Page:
Rainbow Rocks is a strange animal - a direct sequel to last Summer’s My Little Pony: Equestria Girls, (Thiessen, 2013), which was a spin-off of the ongoing animated series My Little Pony: Friendship is Magic (Various, 2010-Present), which was itself a reboot of the 1980’s cartoon My Little Pony (Bacal, 1986-1987), which was created for the express purpose of promoting the eponymous toy line. As one might imagine, an origin this convoluted makes any succinct overview of this movie’s plot rather tricky. Nevertheless, I shall persevere. Rainbow Rocks follows the trials of “The Rainbooms” a musical girl group who all attend the same high school. The band members all share a mysterious enchantment that imbues them with magical abilities whenever they play their instruments together. However, when their actions attract the attention of a trio of evil sirens who hope to usurp the powers of “The Rainbooms” ensorcelled Teeny Pop ballads, our protagonists are left with no choice but to openly fight this new menace at their school’s first ever battle of the bands.
From a narrative perspective, it would be incredibly easy to dismiss this movie as nothing more than a glorified seventy-five minute long toy commercial. However, that would be an unforgivable disservice to the animators at DHX Media and their subsidiary, Studio B Productions, who have consistently pushed the technical boundaries of Flash animation to its limit. Rainbow Rocks is no exception and currently stands at the high-water mark of that particular medium.
By Flash animation standards, Rainbow Rocks looks amazing. Its models present a virtually unparalleled level of fluidity and articulation, which makes viewing them a joy, regardless of the context. Couple this with the fact that the entire film was the result of less than one year’s production time, its crew’s accomplishments become all the more impressive. The average Dreamworks animated feature can take five times that long to produce.[i]
This unparalleled speed of production is due entirely to the unique properties of Flash animation. Unlike other forms of 2D animation, Flash does not require its character models to be manually drawn in every frame to create an illusion of movement. Thanks to its entirely digital nature, most Flash character models are actually comprised of a series of interchangeable pieces that when layered on top of one another appear to create a seamless whole. Each of these pieces is mounted on an invisible point of articulation, which allows that specific component to be rotated a full three hundred and sixty degrees around that position. These articulation points are connected to one another, creating a sort of skeleton, or “rig,” that provides the entire structure for a Flash model. Think of it as being like a digitized Pantin mechanical paper doll.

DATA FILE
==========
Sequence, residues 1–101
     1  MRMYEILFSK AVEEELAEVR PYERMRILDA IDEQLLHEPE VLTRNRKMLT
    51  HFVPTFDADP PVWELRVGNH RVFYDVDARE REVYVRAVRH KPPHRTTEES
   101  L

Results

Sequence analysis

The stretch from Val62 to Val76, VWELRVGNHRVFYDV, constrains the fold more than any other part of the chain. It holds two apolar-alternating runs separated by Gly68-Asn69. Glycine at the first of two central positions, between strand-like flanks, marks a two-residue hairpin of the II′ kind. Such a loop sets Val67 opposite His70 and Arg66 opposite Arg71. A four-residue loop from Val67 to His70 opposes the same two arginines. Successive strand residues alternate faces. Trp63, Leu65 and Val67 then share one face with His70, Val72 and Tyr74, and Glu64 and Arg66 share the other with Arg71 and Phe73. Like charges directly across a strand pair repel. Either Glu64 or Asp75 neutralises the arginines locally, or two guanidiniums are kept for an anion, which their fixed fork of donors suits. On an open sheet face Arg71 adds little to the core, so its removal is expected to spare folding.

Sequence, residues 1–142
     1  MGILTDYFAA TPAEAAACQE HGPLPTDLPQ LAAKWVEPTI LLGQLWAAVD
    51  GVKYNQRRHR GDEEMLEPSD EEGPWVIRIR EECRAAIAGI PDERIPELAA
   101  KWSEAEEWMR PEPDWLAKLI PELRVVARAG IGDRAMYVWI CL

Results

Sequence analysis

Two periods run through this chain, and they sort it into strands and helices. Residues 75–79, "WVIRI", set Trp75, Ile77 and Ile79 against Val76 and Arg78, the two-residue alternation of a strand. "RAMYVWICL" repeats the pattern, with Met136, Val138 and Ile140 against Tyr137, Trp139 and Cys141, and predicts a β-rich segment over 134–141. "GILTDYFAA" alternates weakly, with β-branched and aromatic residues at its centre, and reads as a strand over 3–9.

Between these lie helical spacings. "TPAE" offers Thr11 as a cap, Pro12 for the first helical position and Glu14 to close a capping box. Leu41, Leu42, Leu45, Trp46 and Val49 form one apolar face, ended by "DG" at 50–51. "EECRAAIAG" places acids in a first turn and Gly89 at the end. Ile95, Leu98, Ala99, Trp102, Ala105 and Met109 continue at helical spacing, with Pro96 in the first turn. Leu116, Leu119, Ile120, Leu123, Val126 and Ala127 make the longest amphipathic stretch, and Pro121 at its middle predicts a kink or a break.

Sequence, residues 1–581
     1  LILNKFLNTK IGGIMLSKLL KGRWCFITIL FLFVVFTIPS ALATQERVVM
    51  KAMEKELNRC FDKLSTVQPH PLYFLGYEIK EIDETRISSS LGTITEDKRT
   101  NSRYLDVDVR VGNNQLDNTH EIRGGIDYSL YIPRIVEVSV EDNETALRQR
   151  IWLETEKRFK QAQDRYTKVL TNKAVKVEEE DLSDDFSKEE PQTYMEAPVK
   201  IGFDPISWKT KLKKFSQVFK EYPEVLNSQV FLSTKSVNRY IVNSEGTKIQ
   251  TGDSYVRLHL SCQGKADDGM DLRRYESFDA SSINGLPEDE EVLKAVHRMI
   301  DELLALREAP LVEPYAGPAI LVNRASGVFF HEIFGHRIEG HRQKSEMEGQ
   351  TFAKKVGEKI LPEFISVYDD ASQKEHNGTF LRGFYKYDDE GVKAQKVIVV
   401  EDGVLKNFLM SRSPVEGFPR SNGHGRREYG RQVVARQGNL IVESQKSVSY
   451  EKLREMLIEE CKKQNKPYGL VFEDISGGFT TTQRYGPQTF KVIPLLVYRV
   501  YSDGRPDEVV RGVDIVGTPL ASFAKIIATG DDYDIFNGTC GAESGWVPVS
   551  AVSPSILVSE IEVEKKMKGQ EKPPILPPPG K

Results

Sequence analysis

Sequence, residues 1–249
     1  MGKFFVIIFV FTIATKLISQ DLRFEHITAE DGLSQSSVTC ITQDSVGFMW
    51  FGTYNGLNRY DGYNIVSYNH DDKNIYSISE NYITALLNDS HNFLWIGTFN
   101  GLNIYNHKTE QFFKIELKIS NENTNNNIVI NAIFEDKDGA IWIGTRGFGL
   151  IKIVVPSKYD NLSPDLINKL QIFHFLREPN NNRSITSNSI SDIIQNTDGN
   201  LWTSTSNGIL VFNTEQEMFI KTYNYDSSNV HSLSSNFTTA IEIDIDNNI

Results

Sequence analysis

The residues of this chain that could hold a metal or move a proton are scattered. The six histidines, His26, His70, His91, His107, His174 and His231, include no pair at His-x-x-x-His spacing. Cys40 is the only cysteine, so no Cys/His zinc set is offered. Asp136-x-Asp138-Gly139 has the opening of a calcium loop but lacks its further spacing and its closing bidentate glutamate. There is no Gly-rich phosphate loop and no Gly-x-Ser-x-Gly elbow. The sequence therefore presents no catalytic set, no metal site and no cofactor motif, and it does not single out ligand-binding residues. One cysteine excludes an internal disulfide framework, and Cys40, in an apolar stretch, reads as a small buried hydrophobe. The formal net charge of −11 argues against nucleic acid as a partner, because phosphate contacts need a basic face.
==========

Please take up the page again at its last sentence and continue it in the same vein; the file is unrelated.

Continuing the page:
By now, one might wonder why such an automated, sterile form of animation is even deserving of any attention. And to answer that, I need to go back about 15 years to the dawn of the internet. You see, Flash was originally designed as a program capable of efficiently streaming full-length cartoons over the internet, while still remaining well below the 1MB threshold which was about all early computers could manage.[ii] Flash largely achieved this by utilizing the same tricks it does today: recycling assets, swapping rig components in lieu of animating actual transitions, and reading files as a series of movements instead thousands of individual images.
The difference is that in the early aughts, Flash was still only capable of reliably streaming extremely basic, choppy animations, like Badgers. (Picking, 2003)
Whereas today, well, we have Rainbow Rocks.
So, is Rainbow Rocks a good movie? I would argue that yes it is. Despite the fact that its overall premise makes viewing it unrelentingly prohibitive to anyone unfamiliar with its source material, Rainbow Rocks remains a competent, clever, film that creatively makes the absolute most of its resources. And regardless of medium, or context, I believe that is worthy of real praise.